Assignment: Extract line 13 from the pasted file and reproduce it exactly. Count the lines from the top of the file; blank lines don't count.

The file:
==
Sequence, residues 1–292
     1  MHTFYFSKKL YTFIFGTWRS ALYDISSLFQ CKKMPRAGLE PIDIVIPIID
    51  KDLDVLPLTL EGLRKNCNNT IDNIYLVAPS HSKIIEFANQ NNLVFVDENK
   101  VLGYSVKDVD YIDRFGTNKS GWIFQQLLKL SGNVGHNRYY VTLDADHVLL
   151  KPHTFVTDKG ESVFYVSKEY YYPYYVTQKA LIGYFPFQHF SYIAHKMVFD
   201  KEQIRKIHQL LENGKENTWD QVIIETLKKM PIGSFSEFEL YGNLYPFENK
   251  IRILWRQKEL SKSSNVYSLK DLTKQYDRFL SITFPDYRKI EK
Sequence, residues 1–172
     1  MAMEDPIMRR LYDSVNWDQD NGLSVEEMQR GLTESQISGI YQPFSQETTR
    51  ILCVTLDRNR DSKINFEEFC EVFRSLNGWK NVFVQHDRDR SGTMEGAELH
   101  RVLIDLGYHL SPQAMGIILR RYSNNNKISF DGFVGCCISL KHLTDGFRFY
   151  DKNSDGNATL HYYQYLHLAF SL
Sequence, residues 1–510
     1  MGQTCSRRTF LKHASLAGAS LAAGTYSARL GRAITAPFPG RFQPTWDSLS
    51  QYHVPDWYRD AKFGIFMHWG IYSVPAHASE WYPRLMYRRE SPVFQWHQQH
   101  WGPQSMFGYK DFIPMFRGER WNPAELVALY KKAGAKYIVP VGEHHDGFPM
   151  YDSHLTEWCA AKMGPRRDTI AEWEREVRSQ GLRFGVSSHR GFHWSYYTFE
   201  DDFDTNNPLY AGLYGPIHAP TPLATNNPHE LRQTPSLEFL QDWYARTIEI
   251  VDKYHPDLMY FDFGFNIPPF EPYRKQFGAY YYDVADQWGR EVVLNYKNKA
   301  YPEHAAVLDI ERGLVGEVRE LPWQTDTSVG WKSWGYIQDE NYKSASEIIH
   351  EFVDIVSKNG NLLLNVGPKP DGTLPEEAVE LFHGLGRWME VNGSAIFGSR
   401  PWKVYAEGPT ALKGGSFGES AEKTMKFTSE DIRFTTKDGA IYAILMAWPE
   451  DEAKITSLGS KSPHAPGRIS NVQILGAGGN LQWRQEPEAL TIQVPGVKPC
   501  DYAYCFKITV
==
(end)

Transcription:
Sequence, residues 1–510